The model comprises two parts, ‘Meca’ and ‘Gen’, and their coupling. The Meca side (Fig. 1a) consists of a discrete-element method applied to ellipsoidal cells that obey an overdamped equation of motion of the type , where is the cell’s velocity and λ is a viscosity coefficient—a common abstraction of the motion dynamics in a complex and densely packed molecular environment. Similar to a low Reynolds number in fluid mechanics, inertial forces are negligible here because cells are very small entities with ambivalent solid-fluid biophysical properties33 that are submitted to strong ‘sticky’ interactions. Forces are calculated on each cell i by summing components over a topological neighbourhood Ni containing the cells j in contact with it, based on a variant of the Voronoi diagram (a purely metric neighbourhood, based on distances, is not viable as it leads to collapsing volumes when adhesion strength is high). Two types of forces are modelled: (1) ‘passive’ relaxation forces representing cell-cell adhesion, which include attraction-repulsion components derived from an elastic-like interaction potential with adhesion coefficients w, as well as planarity conservation components expressed in epithelial domains; and (2) ‘active’ behavioural forces representing a schematic view of polarization, mesenchymal cell protrusion and epithelial cell-junction remodelling, which cause cells to intercalate themselves between neighbours, migrate and generally move the system away from equilibrium (Supplementary Notes 1 and 2, equations (1)–(29)). The essential distinction between passive and active forces is that the former are always felt and exerted among all cells at any time, while the latter are present only when certain behaviours, such as protrusion, are genetically expressed via differentiation into specific types (see below). Here cell behaviours are not modelled through explicit geometric deformations of cell shapes, but through mechanical interactions. In particular, mesenchymal protrusion does not result from varying directly the resting lengths of the ellipsoid axes, but from introducing pairs of forces between a protruding cell and its neighbours.

Figure 1: Schematic overview of the MecaGen model coupling the cell’s biomechanical properties to its biochemical activity.
Figure 1

Mechanical parameters are specified by the gene expression dynamics and molecular state. Conversely, spatial rearrangements among cells impact protein synthesis via signalling and mechanical stress. (a) Meca: cell shapes are idealized as ellipsoids (pale grey) represented by a centre (black dot) and two radii (Supplementary Fig. 1). Edges connecting centres materialize cell neighbourhoods, derived from metric and topological criteria. Neighbouring cells exert ‘passive’ and ‘active’ forces on one another (Supplementary Note 2, equation (3)). Passive relaxation forces (solid arrows), in particular attraction-repulsion , maintain volume integrity via adhesion and cortical tension coefficients (equation (14) and Supplementary Figs 3–5). Attractive forces (orange) point towards the neighbours, while repulsive forces (blue) point away from them. Active behavioural forces (dashed arrows), exerted at the level of protrusions or apical constriction and involved in cell intercalation, comprise pairs of ‘intrinsic’ components (green) and ‘extrinsic’ components (red; equation (21) and Fig. 5e). During protrusion, intrinsic forces result from the cell’s cortical cytoskeleton maintaining its shape, while extrinsic forces result from the traction on neighbouring cells through protrusive activity (here, to the left). (b) Gen: the biochemical model relies on a gene regulatory network (GRN), associated with concentration variables of intracellular proteins and extracellular ligands, driven by chemical kinetics (synthesis, secretion, binding) and reaction-diffusion equations (30)–(47). (c) MecaGen: both sides are coupled via a cell behaviour ontology of three cell ‘archetypes’: epithelial, mesenchymal and idle (Fig. 2) corresponding to mutual relationships between Meca and Gen variables (equations (48)–(58)).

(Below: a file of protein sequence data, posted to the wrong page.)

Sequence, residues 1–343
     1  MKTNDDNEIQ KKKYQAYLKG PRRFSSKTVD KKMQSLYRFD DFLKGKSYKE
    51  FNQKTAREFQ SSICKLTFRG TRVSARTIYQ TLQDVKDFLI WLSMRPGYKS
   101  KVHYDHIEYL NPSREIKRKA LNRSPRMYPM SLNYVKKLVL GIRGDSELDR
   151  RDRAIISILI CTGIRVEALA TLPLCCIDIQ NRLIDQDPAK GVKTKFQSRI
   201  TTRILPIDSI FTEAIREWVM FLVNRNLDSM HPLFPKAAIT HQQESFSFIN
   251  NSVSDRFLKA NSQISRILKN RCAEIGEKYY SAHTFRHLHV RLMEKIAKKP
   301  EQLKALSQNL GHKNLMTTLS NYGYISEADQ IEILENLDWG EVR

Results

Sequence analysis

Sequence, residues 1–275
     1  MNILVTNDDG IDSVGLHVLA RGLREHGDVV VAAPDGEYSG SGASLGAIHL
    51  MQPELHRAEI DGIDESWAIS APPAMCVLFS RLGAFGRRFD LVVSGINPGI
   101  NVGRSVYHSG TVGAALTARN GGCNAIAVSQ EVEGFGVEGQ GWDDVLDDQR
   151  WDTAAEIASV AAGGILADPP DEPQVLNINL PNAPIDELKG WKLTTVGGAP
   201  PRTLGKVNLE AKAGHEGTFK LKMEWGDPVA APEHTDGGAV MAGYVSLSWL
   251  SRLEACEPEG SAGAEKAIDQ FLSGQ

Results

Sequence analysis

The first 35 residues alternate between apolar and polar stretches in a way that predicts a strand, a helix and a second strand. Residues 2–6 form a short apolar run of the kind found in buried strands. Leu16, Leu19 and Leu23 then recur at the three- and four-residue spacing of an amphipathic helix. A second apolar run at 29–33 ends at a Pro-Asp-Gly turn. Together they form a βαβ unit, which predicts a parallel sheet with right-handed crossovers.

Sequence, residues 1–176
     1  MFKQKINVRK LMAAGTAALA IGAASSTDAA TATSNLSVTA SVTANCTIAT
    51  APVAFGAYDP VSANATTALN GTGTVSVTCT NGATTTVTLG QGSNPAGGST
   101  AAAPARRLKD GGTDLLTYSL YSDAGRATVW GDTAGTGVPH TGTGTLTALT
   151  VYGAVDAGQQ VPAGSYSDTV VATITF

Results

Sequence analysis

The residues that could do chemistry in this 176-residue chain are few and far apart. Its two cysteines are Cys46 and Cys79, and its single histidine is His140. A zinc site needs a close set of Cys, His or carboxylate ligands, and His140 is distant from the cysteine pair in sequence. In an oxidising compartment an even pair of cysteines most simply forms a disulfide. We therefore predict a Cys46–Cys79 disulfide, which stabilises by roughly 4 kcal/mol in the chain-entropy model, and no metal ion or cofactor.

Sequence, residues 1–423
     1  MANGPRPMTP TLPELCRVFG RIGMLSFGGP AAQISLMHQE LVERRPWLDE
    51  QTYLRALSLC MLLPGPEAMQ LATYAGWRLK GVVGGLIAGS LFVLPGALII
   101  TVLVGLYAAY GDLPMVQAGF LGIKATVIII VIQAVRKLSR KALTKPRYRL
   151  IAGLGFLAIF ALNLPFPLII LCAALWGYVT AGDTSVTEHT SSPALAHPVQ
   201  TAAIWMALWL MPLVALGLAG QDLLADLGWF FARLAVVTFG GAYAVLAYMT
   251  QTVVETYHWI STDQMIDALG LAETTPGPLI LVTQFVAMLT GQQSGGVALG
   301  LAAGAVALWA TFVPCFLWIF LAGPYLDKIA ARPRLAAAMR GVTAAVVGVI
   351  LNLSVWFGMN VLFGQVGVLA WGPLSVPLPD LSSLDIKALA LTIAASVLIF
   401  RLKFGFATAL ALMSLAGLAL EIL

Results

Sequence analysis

The Gen side of the model (Fig. 1b) deals with chemical signalling and GRNs. It is composed of three types of rules abstracting the cascade of signalling reactions and metabolic activity: (1) intracellular ordinary differential equations dp/dt=f(p, g, q, ρ) describing the transcriptional GRN dynamics, where p represents a list of intracellular protein concentrations, g gene expression levels, q extracellular ligands, ρ membrane receptors and f is a Boolean function containing a logical combination of cis-regulatory promoters and repressors of gene expression; (2) extracellular reactions, transport and diffusion of ligands, written as partial differential equations involving ∂q/∂t and flux vectors (Supplementary Fig. 10); and (3) protein secretion and signal transduction, which link the internal protein concentrations p to the spatialized ligand concentrations q via ligand-receptor binding on the cell membrane (Supplementary Note 3, equations (30)–(47)).